Gaia’s high-end purchase price was roughly equal to the typical discount for such large packages, but they are sometimes as low as 2 or 3 percent, according to Robert Knakal, chairman of New York investment sales at Cushman & Wakefield, who represented the seller in both the W Downtown and Corinthian deals.
In both, the sponsors sought to unload the remaining unsold units in relatively new buildings, Knakal said. At the Corinthian, Spitzer’s firm had been renting out the units since 1988, a year after his father, Bernard, developed the building. It was one of the first deals Spitzer handled since he returned to the real estate business, and was seen by some as a way to finance his foray into development in Brooklyn.
Knakal said both deals made sense for the sponsors.
The advantage, he said, in addition to fast cash, is “tremendous economies of scale.” For example, selling in bulk significantly reduces transaction costs, like legal and broker fees.
Knakal noted that residential brokers usually make a 5 or 6 percent commission on condo and co-op sales at buildings like the Corinthian and the W Downtown, whereas his commission on the sales, percentage-wise, was just “a fraction” of that.
Sponsors also save time, which, as the aphorism states, is money too.
“Just imagine how long it would take to sell 144 units, one-by-one,” said Knakal. And sellers may be able to make up some of the discounted price through tax savings. That’s because, Knakal noted, sponsors are often able to claim their income from these deals as capital gains, rather than earned income.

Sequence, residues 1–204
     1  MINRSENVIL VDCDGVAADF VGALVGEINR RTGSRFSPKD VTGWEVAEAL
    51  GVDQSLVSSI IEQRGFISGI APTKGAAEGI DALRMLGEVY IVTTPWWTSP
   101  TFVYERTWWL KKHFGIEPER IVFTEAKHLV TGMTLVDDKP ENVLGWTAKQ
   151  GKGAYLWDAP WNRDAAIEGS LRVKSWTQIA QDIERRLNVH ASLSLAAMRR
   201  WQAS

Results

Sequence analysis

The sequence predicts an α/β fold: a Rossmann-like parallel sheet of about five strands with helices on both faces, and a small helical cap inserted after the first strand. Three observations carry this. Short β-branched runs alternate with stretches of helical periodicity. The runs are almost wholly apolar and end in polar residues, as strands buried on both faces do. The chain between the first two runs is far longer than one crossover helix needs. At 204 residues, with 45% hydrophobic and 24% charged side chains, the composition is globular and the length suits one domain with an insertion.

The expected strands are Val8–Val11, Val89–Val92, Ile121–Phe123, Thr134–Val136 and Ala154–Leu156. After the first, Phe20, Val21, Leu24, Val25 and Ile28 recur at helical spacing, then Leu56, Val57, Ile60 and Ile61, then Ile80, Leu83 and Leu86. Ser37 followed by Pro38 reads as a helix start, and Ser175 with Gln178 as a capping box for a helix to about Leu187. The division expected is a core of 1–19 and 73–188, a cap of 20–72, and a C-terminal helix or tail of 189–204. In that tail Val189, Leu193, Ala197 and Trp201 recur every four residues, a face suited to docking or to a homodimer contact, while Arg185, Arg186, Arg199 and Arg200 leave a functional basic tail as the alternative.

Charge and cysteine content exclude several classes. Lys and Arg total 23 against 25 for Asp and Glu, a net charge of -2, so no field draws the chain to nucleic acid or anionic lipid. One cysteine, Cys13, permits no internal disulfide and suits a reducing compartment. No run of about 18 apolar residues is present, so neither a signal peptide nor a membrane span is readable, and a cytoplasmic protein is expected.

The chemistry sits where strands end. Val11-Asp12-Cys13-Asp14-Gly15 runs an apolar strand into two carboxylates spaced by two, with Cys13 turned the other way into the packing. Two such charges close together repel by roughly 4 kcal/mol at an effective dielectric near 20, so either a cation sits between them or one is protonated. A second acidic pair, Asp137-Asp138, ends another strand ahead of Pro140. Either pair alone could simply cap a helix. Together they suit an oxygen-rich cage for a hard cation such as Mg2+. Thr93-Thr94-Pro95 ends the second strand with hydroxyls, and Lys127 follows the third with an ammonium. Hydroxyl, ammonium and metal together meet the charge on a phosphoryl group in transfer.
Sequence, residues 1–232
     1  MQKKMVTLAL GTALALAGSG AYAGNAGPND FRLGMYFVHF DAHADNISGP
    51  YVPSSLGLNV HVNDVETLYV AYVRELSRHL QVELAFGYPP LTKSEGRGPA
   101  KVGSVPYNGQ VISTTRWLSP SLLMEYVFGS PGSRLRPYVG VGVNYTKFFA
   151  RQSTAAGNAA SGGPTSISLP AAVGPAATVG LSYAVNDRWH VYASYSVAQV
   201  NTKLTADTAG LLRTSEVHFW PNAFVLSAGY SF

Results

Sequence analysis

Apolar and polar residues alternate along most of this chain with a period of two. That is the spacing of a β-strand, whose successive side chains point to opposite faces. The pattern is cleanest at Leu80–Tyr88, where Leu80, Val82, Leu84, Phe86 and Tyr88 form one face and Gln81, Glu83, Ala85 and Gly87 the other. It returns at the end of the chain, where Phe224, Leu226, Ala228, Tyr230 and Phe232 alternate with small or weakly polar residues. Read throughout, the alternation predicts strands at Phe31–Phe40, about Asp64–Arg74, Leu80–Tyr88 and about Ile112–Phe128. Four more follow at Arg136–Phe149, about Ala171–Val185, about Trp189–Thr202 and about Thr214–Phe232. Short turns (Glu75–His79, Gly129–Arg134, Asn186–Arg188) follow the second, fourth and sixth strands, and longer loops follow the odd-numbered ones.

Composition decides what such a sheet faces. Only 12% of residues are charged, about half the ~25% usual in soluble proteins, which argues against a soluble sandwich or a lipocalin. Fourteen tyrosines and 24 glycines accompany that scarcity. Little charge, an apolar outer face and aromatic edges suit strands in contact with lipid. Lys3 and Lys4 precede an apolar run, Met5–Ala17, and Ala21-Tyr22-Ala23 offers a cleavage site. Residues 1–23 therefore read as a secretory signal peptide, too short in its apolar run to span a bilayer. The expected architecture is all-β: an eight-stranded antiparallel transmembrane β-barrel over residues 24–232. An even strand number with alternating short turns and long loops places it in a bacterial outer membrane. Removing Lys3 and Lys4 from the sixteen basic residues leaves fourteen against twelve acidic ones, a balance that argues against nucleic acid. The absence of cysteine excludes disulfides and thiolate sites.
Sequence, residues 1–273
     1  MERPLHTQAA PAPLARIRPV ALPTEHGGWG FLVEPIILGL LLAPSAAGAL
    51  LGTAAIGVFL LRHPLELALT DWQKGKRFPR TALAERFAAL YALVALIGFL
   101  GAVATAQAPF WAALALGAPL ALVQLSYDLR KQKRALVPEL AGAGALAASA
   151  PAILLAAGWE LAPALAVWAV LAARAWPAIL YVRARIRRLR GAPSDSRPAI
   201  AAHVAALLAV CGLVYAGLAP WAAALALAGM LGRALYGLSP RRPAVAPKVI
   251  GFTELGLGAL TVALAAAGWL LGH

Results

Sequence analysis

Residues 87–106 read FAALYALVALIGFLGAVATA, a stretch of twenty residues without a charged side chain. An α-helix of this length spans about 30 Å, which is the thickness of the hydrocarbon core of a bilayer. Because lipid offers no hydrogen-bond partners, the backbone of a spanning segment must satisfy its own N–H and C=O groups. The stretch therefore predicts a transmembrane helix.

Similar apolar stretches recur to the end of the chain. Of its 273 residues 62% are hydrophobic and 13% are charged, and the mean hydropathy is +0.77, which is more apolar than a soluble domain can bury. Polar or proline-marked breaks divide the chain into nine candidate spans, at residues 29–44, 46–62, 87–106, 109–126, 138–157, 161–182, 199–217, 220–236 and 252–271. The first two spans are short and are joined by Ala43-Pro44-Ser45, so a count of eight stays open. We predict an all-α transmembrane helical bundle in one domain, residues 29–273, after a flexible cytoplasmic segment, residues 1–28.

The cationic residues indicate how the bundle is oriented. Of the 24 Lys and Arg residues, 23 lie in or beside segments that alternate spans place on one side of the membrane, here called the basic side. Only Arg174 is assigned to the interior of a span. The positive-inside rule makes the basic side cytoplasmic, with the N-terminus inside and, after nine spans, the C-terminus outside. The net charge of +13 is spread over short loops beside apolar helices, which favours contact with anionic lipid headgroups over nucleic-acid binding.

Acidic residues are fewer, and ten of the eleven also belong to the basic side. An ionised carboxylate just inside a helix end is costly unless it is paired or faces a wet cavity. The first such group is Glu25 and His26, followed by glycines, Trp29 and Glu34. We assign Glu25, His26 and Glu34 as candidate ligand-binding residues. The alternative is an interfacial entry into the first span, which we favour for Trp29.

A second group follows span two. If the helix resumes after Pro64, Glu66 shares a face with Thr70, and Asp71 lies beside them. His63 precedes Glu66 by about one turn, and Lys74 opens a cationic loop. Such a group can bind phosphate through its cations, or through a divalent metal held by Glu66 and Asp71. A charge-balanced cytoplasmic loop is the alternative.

Such a claim amounts to a 15-to-20 percent lower tax rate, according to Richard Wolfe, tax partner at Fried Frank’s New York office.
“That gets most people’s attention,” he said.
Wolfe explained that unlike sellers of individual condos and co-ops, bulk sellers who own the properties for more than a year — especially those renting the units prior to the sale — can often argue that the units amount to income-generating investments, and therefore any profit from their sale counts as a long-term capital gain.
The legal standard centers on the seller’s intention, which is difficult to determine, allowing for wide latitude on capital gains claims.
Nice if they can get it
For buyers, said Knakal, the appeal is strong cash flow from renting the units, along with the possibility of obtaining a critical mass of properties in a particular building, granting negotiating power over future sales and potential conversions there.
Bulk buyers of condos and co-ops who choose to rent the units can usually charge higher prices than at comparable rental buildings, as the condo and co-op buildings in question are often relatively more luxurious and better maintained.